There’s a lot of talk about drugs in music these days and whether or not they’re needed for creativity, what are your thoughts on this?
N: I guess it depends on what kind of person you are really…
B: …And what dugs you’re taking (laughs)
N: Certain people can get really creative on drugs and other people just sort of get fucked.
B: I don’t think any of us use drugs for a creative purpose any more than we would, just to have fun, there’s not much point.
Well it’s definitely becoming less taboo. Do you write much about it?
B: Not really, we write more just about shit that we do in my life…
N: …And girls (laughs)
B: (laughs) It’s not really anything that anyone else hasn’t done but I guess that’s why they like what we’re writing. They can relate to it, especially growing up on the beaches. I don’t really have much else to write about than my own experience unless I just made something up. I get more enjoyment out of writing something that has actually happened or that I’ve experienced. People realise when your actual emotions are coming out in the song.
I can definitely hear some deeper thought going into newer tracks like Muddy Water was that drawing from a pretty intense experience?
B: Yeah, it sorta was. It was an intense experience but the song wasn’t directly about that experience, more so how it effects me now.
You’re soon to be heading to Europe for your first ever dates there! How’re you feeling knowing it’s so close?
N: I think everyone’s pretty excited, I think only one of us has ever been to Europe, no one else has been so we’re all keen to get over there and check everything out.
What are you most excited about?
N: We’re doing a couple of festivals over there which will be pretty exciting. And just travelling around and getting to see everything; we’re going to places we wanted to visit anyway so it’ll be awesome.
How do you think your sound will translate overseas?
B: And it’s gonna be summer over there when we go so, it’ll be a fitting vibe. It’s not like a dark winter Euro tour, we’re even playing on beaches and stuff like that so, should go down really well.
You guys have gotta be one of the hardest working bands in Sydney, what have you had to sacrifice to keep it up? Are you still able to keep day jobs or is that a thing of the past?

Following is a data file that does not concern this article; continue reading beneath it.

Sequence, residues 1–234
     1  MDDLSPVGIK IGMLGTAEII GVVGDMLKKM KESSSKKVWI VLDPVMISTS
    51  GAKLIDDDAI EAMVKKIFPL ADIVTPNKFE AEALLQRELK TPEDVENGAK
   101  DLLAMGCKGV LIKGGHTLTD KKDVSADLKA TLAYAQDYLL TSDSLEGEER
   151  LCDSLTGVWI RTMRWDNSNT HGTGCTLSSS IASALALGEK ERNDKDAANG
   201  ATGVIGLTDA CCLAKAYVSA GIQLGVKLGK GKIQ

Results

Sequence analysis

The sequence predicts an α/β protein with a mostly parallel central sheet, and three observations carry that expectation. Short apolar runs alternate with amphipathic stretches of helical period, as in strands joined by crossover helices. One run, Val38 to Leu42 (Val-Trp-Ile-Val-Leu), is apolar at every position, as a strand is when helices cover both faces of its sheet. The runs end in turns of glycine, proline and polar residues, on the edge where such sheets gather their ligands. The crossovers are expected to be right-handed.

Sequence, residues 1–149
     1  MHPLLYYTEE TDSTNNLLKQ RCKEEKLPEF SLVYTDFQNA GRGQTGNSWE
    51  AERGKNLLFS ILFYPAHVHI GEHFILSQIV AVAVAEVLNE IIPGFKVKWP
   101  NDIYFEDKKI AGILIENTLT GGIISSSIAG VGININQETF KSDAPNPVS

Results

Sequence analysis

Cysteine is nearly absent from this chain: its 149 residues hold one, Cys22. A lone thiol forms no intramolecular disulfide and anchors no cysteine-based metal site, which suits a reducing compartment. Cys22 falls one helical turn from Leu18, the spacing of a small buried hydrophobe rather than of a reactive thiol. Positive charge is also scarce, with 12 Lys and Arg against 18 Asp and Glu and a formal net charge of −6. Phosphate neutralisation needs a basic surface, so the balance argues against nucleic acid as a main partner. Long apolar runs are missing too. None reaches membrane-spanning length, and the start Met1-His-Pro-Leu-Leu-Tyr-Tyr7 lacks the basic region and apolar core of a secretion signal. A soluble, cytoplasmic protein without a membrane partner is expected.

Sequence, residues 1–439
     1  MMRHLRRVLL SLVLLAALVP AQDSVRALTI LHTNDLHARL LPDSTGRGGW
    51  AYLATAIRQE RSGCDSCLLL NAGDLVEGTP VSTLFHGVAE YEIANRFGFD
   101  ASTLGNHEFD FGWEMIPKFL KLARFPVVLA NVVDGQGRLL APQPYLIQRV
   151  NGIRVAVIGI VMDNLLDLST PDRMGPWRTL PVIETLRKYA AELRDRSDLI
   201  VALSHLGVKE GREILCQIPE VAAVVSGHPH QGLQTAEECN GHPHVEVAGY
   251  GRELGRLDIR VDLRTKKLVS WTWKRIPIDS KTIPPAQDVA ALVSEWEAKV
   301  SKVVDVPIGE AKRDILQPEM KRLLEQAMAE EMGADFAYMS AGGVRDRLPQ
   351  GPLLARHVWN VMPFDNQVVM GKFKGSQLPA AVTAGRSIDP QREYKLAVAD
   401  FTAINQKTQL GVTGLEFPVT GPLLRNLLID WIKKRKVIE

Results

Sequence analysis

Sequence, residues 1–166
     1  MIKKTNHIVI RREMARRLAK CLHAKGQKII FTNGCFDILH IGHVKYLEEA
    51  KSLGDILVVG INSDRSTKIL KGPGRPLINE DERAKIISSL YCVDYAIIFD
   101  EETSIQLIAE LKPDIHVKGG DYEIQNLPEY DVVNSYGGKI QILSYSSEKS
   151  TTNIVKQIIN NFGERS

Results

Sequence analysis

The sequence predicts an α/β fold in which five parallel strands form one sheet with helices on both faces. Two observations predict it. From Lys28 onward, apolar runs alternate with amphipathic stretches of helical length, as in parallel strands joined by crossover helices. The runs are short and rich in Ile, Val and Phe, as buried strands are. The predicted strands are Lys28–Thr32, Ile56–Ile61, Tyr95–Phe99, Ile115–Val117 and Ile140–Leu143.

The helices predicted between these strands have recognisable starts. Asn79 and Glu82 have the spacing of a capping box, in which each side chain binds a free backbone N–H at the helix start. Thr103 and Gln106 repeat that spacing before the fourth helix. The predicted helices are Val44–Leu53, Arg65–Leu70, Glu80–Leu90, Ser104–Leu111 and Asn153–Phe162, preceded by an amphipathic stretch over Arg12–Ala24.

B: Yeah, there’s a lot of time put aside but, it doesn’t feel like we’re sacrificing much.
N: Yeah, we all still do it for fun so it’s not like we’re getting noting out of it. We don’t care too much about money. We still work when we can since music doesn’t always pay the bills, especially with six people in the band. Everything we make as a band just goes straight back into touring and recording. At the end of the day, we get to travel and play music, who doesn’t wanna do that?
Do you think the Sydney scene is dying, thanks to recent laws?
B: The scene is struggling, for sure, but the laws are worse for people wanting to kick on later in the night. We’re still able to play gigs luckily, and there’s always people willing to see live music. I’m keen to play more out of Sydney anyway. After going to New Zealand, it surprised us that there was interest coming from other places besides Sydney, which sparked a bit of curiosity for what we could achieve elsewhere.
Lately, everyone seems to be having a red hot go at Triple J for a lack of diversity/biased playlist. What do you think?
N: I dunno, I guess they can be a little bit fickle, it’s hard to pick what they’re trying to do. They certainly seem to lean towards electronic stuff these days.
B: They play a lot of great music but they also seem to just stick with the same stuff. We don’t get played but I listen to Triple J every day and it’s a good way to work out what the benchmark is, how to know if people like it.
A lot of musos are getting upset because they’re not getting much air time, is radio still as important as ever in promoting music?
N: It’s not really anything to get upset about, it’s a nice thing but we’re still doing what we’re doing so it’s not really a priority for us. It definitely helps a lot to get your music out to people.
All this time on tour, you must have some fucked up stories, what’s one of your best?
B: That’s generally the sort of thing we like to keep between us (laughs). But there’s some pretty funny stuff. In New Zealand we had a pretty big after party where Angus (guitarist) was smashing full bottles of beer with a cricket bat in the kitchen. We branded some people with a hot fork so we’ve all got the scars to prove it. We got so many photos from people saying “I love my fork! Thanks dude!”(laughs).
Who’s the biggest pest on the road?
N: (laughs) Maybe Obie (drummer) when he gets too drunk.
B: (laughs) Yeah he’s a bit of a menace. He seems to go out of his way to piss everyone off when he gets too drunk which is fucking funny but, when you’re all cramped into a car for weeks on end… It only ever gets to a good slap in the face or a beer poured over someone and we’re all good.
You’re a part of a really great Aussie music scene, which deserves some more exposure. What are some of your favourite Aussie bands?
What are your future goals for the band?
N: We definitely want to just keep it up. Playing more festivals would be amazing because they’re one of our favourite things to do.
B: We just wanna keep travelling the world and playing music. Further away, bigger shows, it’s endless. There’s so much to do and so much to accomplish.
Courtesy of The Happy Blog
Powered by Facebook Comments